Physicists propose huge European neutrino facility. A news article introducing plans by researchers in Russia and Europe to use a particle accelerator near Moscow and a new detection facility at the bottom of the Mediterranean Sea to learn more about neutrinos and their effect on the standard model of physics. Published by Physics World. Read it here.
I had the great honour of being invited back to my alma mater at Keele University yesterday evening. Except this time I found myself on the other side of the lectern, speaking to the Keele Physics Centre about how the art of origami is having a profound impact on the way we build things in physics.
It’s been a while. I finally got my dissertation (on quantum cryptography in case you’re interested) completed and submitted on time, which led in rather nicely to a period of intense revision in time for my final exam (on general relativity and theoretical astrophysics) last week.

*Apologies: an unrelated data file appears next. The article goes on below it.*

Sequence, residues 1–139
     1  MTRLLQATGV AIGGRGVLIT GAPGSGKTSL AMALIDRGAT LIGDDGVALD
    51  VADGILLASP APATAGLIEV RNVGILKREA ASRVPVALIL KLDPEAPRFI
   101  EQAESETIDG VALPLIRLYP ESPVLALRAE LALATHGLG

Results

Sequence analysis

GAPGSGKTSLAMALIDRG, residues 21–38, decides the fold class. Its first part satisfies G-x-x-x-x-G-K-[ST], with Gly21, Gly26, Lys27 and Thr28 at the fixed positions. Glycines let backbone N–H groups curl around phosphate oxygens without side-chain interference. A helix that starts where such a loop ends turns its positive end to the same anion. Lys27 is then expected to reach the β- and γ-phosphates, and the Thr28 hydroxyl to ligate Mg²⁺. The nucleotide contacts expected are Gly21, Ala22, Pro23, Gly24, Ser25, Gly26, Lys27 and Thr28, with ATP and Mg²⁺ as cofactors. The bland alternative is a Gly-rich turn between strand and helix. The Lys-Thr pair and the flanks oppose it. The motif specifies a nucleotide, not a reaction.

It’s always a surprise to me how I can study something all year and then, two weeks before the exam, fail to recall anything that I’ve read. Luckily, I was able to to rectify this – at least partially – in time for the exam. To be honest, though, I’m mostly just glad that it’s over. I’ve really enjoyed my studies*, but for the last few months I’ve been looking forward to having a bit more time to get on with some of the other things on my ‘to do’ list.
And here I am. Provided I’ve managed to pass everything (which I won’t find out until December), I now have somewhere in the region of an extra sixteen hours each week to play with.
But I also have a long list of things I should really have done by now but haven’t, including a load of article and other writing ideas, a dog that has never experienced the hills of Dartmoor and the Brecon Beacons and a kayak in the shed that hasn’t seen nearly as much use as it should have done. Oh, and a pitifully neglected blog.
So I guess it’s time to crack on…
* In case you didn’t know, for the last five years I’ve been studying part-time for a degree in physics with the Open University. Which has meant spending virtually all my lunch breaks, evenings and weekends reading about things like quarks, neutrinos and supermassive black holes. And which is amazing fun, but leaves very little time for anything else – like sleep.